WATCH | Endangered vultures prepped for release in Zululand after recovering from poisoning
After having successfully clawed their way back from the brink of death, three African white-backed vultures - a critically endangered species - are set to be released in Zululand on Wednesday.
The birds of prey were part of a group of vultures which were rescued after a spate of poisoning incidents in the Zululand region last year.
In June last year TimesLIVE reported on the grim discovery of 27 vulture carcasses which were found dead in poison-related incidents within the space of a week.
The surviving birds, which were housed and treated at Raptor Rescue, a rehabilitation centre for African birds of prey near Pietermaritzburg, were tagged, fitted with trackers and had blood specimens taken to determine their sex on Wednesday morning.
They are to be released at Manyoni Private Game Reserve in northern KwaZulu-Natal.
Conservationists believe the culprits who poisoned the vultures planned to use the carcasses for traditional medicine.
The rescue, rehabilitation and release of the vultures was a collaborative effort between Ezemvelo KZN Wildlife, Raptor Rescue and Wildlife ACT, which have partnered to form the Zululand Vulture Project.
Animal scientist for mammals and birds at Ezemvelo KZN Wildlife, Brent Coverdale, said vultures had unfortunately received a lot of negative publicity due to the manner in which they have been portrayed in Hollywood films but played an important role in the ecosystem.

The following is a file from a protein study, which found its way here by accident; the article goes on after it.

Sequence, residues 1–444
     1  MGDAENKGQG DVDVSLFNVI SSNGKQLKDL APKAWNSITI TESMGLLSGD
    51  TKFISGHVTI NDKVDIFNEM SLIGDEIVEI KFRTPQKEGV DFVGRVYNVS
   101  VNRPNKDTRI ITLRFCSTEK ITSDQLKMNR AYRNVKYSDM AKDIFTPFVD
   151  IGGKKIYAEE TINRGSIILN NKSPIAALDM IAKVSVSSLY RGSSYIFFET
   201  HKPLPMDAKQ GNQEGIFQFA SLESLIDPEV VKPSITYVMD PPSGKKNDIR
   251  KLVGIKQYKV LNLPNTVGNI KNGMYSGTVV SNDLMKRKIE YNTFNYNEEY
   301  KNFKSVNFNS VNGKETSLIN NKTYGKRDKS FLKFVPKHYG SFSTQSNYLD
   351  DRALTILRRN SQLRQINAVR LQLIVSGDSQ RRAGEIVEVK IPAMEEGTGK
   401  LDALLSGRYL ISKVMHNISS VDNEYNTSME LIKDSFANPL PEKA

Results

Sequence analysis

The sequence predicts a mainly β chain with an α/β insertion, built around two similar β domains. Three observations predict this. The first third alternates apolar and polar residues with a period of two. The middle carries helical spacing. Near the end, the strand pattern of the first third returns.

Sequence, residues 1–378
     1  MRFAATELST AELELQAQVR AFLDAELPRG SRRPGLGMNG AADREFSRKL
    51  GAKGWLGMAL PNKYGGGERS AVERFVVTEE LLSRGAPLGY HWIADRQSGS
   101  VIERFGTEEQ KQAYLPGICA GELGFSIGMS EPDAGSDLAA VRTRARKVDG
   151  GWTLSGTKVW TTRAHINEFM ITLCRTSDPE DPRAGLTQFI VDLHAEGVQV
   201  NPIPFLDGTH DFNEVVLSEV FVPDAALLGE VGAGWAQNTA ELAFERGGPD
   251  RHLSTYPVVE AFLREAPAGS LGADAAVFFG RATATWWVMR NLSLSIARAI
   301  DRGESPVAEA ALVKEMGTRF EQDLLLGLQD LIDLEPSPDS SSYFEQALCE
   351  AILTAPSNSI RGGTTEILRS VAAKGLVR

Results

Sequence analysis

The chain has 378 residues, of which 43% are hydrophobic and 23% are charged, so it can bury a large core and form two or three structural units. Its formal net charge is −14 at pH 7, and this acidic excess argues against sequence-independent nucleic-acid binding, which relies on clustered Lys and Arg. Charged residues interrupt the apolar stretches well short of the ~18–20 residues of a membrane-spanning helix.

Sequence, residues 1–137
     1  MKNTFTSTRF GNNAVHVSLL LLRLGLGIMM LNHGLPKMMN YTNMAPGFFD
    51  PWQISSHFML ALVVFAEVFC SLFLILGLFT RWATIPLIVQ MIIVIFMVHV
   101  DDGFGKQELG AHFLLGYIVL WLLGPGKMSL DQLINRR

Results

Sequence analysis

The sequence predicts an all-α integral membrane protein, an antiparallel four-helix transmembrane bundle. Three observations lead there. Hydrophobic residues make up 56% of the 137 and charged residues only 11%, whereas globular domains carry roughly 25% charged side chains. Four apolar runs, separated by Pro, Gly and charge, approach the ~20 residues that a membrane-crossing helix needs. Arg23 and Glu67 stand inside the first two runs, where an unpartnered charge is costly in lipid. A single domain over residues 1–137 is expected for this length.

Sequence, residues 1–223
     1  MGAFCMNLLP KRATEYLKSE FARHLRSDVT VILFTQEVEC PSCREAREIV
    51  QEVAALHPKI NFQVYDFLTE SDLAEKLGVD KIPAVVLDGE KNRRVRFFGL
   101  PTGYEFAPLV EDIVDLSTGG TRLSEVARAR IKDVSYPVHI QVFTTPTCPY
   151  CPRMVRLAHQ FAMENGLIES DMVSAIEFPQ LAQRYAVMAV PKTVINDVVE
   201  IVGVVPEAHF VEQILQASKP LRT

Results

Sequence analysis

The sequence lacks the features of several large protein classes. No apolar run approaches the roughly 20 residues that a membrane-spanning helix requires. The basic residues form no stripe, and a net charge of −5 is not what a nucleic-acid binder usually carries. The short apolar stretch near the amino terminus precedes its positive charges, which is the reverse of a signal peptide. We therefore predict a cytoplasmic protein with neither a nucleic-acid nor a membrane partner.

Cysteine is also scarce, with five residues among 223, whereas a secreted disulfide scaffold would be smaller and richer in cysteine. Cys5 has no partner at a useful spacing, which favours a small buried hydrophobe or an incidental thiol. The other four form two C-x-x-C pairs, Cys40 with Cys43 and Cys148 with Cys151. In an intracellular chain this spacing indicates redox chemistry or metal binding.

“They are somewhat of the 'clean up crew' and help to reduce the spread of disease by cleaning up carcasses."
Coverdale said they were working closely with police and environmental management inspectors to build up evidence about the poisoning incidents.
“We are building cases and a list of suspects so that when we do get a breakthrough we have enough evidence to secure a conviction."
Chris Kelly, co-founder of Wildlife ACT and director of species conservation, said the vultures were to be released in the centre of the Zululand cluster which would give the birds a good chance of finding their home again. He said they hoped that the data collected from the birds would help them better understand their movements.
“We're looking at the fine-scale movements, trying to understand the habitat they're using, the space where they're roosting, where they end up nesting and which areas they're feeding - it's all for us to implement better management practices."
Ben Hoffman, director of Raptor Rescue, said the vultures had been rehabilitated for six months to ensure the poison was completely out their system before their release.
“They came through and were assessed by our vet who administered medicine to combat the poisoning. We got them fat and then got them thin so that they use any body fat, because that is where the poison is stored. We kept them for a couple of months to ensure the poison is completely out of there system before release," he said.